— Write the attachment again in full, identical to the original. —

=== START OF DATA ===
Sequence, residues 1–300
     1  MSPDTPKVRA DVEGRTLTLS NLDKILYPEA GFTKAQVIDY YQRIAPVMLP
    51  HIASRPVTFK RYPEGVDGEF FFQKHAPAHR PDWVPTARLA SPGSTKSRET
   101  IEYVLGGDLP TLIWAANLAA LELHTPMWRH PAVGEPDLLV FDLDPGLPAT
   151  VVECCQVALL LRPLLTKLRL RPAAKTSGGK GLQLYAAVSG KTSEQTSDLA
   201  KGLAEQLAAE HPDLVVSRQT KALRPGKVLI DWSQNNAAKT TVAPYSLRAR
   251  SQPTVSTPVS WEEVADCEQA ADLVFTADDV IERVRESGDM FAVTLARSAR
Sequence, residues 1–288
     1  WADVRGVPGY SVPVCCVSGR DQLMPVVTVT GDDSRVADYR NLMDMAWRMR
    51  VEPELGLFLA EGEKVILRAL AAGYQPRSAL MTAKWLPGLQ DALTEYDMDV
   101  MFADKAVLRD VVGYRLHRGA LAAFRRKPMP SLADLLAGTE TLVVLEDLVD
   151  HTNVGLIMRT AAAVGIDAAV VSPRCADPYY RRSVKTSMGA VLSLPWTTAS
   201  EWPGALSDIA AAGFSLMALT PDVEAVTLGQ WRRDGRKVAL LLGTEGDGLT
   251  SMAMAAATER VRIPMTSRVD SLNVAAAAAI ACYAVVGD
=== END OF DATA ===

Sequence, residues 1–300
     1  MSPDTPKVRA DVEGRTLTLS NLDKILYPEA GFTKAQVIDY YQRIAPVMLP
    51  HIASRPVTFK RYPEGVDGEF FFQKHAPAHR PDWVPTARLA SPGSTKSRET
   101  IEYVLGGDLP TLIWAANLAA LELHTPMWRH PAVGEPDLLV FDLDPGLPAT
   151  VVECCQVALL LRPLLTKLRL RPAAKTSGGK GLQLYAAVSG KTSEQTSDLA
   201  KGLAEQLAAE HPDLVVSRQT KALRPGKVLI DWSQNNAAKT TVAPYSLRAR
   251  SQPTVSTPVS WEEVADCEQA ADLVFTADDV IERVRESGDM FAVTLARSAR
Sequence, residues 1–288
     1  WADVRGVPGY SVPVCCVSGR DQLMPVVTVT GDDSRVADYR NLMDMAWRMR
    51  VEPELGLFLA EGEKVILRAL AAGYQPRSAL MTAKWLPGLQ DALTEYDMDV
   101  MFADKAVLRD VVGYRLHRGA LAAFRRKPMP SLADLLAGTE TLVVLEDLVD
   151  HTNVGLIMRT AAAVGIDAAV VSPRCADPYY RRSVKTSMGA VLSLPWTTAS
   201  EWPGALSDIA AAGFSLMALT PDVEAVTLGQ WRRDGRKVAL LLGTEGDGLT
   251  SMAMAAATER VRIPMTSRVD SLNVAAAAAI ACYAVVGD